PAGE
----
Matthew Squair, and others, have raised the issue of the "false narrative" to the level of project management and system engineering. Thus, it got my attention. Here's the set-up as given in a posting on "LessWrong" :
Essentially, the narrative fallacy is our tendency to turn everything we see into a story - a linear chain of cause and effect, with a beginning and an end. Obviously the real world isn't like this - events are complex and interrelated, direct causation is extremely rare, and outcomes are probabilistic. Verbally, we know this - the hard part, as always, is convincing our brain of the fact.
The big deal for project managers and system engineers is the ageless issue of sequencing, to wit: the proper order of the horse and cart. Do we:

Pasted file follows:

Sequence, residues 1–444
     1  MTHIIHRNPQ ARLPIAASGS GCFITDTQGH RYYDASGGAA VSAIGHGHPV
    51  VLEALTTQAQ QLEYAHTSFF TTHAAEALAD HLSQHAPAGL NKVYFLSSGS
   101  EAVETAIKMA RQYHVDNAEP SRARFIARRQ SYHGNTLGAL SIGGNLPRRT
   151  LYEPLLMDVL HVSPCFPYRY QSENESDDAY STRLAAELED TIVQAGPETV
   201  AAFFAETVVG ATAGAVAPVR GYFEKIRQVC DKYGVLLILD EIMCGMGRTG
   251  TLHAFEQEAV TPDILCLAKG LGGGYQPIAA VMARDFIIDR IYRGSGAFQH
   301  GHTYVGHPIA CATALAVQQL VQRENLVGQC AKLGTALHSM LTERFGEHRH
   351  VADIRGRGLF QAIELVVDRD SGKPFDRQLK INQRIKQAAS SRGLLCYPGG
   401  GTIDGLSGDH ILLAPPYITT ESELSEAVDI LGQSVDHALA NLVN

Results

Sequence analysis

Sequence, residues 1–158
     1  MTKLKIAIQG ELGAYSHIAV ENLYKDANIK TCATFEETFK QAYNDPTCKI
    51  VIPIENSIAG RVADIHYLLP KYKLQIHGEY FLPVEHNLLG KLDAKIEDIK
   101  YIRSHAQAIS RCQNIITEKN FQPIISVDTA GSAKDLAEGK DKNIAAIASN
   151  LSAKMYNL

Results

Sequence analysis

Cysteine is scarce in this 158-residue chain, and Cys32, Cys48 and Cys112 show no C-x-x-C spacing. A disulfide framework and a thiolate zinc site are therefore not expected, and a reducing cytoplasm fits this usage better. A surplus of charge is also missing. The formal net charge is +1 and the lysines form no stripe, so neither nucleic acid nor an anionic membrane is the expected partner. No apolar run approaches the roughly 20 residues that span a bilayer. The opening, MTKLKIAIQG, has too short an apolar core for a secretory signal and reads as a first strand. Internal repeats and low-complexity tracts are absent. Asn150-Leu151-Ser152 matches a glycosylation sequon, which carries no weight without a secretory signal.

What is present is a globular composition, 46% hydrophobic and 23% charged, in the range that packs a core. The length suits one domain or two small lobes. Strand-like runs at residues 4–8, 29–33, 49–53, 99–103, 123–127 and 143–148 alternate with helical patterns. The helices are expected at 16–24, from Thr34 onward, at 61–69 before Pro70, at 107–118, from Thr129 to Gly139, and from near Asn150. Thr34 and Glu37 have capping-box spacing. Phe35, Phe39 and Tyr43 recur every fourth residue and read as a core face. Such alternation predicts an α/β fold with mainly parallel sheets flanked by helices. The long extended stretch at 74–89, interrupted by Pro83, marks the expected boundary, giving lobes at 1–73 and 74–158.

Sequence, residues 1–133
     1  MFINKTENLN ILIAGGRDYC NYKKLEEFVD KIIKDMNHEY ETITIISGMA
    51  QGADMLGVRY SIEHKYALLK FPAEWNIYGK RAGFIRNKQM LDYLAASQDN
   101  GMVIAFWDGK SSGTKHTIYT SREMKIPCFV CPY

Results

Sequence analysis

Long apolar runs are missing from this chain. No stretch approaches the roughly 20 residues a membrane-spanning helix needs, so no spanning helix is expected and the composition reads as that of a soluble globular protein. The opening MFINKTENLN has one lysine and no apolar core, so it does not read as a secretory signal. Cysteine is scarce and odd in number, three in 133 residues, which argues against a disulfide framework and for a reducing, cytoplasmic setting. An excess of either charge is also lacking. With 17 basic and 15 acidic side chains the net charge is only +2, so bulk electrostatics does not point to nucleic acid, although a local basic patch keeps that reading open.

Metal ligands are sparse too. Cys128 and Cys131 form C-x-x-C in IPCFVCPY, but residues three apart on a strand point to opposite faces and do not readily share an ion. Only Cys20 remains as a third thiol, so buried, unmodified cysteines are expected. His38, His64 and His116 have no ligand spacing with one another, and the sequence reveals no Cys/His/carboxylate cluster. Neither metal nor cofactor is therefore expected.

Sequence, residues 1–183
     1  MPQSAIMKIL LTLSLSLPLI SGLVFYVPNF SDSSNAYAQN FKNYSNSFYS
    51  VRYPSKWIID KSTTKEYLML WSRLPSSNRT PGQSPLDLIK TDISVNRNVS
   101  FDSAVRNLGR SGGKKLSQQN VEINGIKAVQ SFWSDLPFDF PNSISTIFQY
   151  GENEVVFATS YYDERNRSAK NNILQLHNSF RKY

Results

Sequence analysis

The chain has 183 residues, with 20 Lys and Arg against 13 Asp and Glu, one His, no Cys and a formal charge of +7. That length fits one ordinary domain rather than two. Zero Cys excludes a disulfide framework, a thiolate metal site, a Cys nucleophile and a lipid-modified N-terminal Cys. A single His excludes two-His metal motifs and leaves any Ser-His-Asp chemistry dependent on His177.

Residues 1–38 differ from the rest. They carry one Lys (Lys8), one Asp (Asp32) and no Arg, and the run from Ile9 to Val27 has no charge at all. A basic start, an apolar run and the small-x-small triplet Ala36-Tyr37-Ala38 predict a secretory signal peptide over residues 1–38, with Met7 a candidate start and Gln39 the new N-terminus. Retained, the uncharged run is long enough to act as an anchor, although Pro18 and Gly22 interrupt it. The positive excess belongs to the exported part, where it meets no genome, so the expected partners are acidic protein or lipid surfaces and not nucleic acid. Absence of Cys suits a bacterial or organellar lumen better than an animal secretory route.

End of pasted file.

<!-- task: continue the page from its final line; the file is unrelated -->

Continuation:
- Start with the narrative and design the system of parts
- Or, do we start some parts, conceive a narrative to link them, and then fill out the system?
Squair gives it his name: Design as a false narrative
But, Nassim Taleb got there first -- it might even be better titled the "false understanding" (the allusion of understanding when there really isn't any":
The narrative fallacy addresses our limited ability to look at sequences of facts without weaving an explanation into them, or, equivalently, forcing a logical link, an arrow of relationship upon them. Explanations bind facts together. They make them all the more easily remembered; they help them make more sense. Where this propensity can go wrong is when it increases our impression of understanding.
Nassim Taleb. The Black Swan.
One is led immediately to think of the agile backlog and its stories. I wonder how many of them are false narratives that are leading to the wrong place, perhaps even led by unwitting customers?
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